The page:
A Great Objection Technique

in Objections, Uncategorized

We had a member in the Smart Calling Community group ask about what others put in their “objections answer book.”

I weighed in with how I’m not a fan of ”objection books” or ”objection rebuttals,” since a direct response is not addressing the reason they said what they did; it is replying to the symptom of a problem that we don’t know yet.

As I’ve covered many times, when we do get a real objection, we need to get someone talking so we can learn the real problem, not just try to address a symptom.

The first step in that process is to soften them a bit so you disarm them, let them know you aren’t there to argue, and get them talking.

For example,

“Let’s talk about that.”

“Not a problem.”

“I’ve heard that before.”

And here is one that as I was initially writing it, I thought about it more and added to it a bit.

“That’s what every one of my existing clients said before they asked themselves the question, ‘How do I know that I’m getting ____?'”

There is a lot going on with this one that makes it effective.

First, when you say, “That’s what every one of my existing clients said…” you are using the same psychology behind the “Feel-Felt-Found” technique.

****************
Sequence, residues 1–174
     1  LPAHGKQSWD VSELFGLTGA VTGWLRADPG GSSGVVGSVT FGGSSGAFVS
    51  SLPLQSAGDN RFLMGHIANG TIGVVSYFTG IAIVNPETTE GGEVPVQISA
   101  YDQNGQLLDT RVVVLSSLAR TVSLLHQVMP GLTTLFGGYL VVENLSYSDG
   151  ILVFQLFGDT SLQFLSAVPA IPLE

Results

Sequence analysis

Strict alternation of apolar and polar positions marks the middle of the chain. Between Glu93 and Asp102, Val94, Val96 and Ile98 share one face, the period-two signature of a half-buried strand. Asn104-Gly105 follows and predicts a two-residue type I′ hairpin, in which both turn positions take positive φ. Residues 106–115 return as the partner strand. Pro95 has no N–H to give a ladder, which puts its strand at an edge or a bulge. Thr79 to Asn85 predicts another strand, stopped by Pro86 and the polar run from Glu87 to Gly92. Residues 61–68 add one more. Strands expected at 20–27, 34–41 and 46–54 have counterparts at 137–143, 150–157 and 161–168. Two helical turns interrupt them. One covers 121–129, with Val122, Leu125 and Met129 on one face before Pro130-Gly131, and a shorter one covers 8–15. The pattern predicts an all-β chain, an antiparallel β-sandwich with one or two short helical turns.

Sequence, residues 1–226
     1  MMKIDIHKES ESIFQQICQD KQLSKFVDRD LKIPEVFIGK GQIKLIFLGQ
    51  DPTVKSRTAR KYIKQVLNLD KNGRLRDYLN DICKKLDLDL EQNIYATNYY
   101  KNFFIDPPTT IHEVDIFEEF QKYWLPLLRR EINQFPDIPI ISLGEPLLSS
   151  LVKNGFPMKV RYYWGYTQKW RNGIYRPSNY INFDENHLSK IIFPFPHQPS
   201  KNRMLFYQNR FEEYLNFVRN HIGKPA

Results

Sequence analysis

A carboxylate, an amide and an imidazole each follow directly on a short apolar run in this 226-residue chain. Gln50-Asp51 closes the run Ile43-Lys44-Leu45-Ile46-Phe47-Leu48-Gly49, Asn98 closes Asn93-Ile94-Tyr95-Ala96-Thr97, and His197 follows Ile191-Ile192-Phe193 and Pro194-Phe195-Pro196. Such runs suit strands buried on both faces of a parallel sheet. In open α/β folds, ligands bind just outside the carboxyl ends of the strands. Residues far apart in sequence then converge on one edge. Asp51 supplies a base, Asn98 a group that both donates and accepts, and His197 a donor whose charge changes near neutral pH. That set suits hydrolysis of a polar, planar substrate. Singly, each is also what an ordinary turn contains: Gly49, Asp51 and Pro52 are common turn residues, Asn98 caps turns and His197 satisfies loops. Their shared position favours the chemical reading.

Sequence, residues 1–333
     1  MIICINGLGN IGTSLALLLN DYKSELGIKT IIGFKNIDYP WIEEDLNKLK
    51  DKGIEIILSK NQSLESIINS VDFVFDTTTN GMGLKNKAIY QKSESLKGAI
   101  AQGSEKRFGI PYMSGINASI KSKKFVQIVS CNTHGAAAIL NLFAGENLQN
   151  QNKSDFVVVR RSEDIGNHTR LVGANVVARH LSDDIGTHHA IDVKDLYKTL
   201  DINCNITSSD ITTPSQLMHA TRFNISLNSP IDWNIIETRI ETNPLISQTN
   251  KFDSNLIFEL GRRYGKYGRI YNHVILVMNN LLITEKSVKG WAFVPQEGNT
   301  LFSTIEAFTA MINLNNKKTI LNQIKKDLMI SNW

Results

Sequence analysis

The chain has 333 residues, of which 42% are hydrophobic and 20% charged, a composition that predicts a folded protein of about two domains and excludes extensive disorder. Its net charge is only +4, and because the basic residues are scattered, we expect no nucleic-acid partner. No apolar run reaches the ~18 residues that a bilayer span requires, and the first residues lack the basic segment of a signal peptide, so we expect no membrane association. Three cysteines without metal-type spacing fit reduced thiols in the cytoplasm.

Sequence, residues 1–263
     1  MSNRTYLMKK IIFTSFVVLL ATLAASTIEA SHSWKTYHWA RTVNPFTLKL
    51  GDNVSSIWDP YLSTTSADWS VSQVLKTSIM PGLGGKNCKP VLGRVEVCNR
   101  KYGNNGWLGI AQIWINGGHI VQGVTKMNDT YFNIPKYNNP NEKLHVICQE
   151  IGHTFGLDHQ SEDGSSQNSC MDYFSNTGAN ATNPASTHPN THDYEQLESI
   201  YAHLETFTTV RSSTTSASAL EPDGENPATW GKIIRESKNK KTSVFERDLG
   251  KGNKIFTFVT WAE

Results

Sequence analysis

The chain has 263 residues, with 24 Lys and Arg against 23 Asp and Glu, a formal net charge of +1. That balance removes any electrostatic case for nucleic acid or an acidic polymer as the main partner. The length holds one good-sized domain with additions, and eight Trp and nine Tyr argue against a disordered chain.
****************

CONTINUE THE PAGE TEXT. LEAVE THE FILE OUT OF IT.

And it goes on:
While that FFF technique in its purest form is a bit canned and overtaught, the reasoning behind it is sound.

You are letting people know that their belief is reasonable, but when others in the same situation got additional information they realized there was another way to look at it.

That notion continues with,

“…before they asked themselves the question, ‘How do I know that I’m getting ____?’”

This is brilliant because you are not directly asking them, “How do you know you are getting the best price?” (You’d fill in the blank of course with whatever the main possible value is that you deliver, ie. best return on investment, lowest risk, most production… etc.)

Granted, that is a great question, and it has greater impact when it is put in the context of someone similar to them asking the question. Then it is easier for them to think about it, since they are not being put on the spot.

Now you have them in a frame of mind much more conducive to opening up, and answering your next questions, which should be designed to get them talking about the real reason behind what they just said.

Think about how you could fill in the blank with something appropriate for the value you deliver, and be prepared to use it the next time you get a common objection.

 

 

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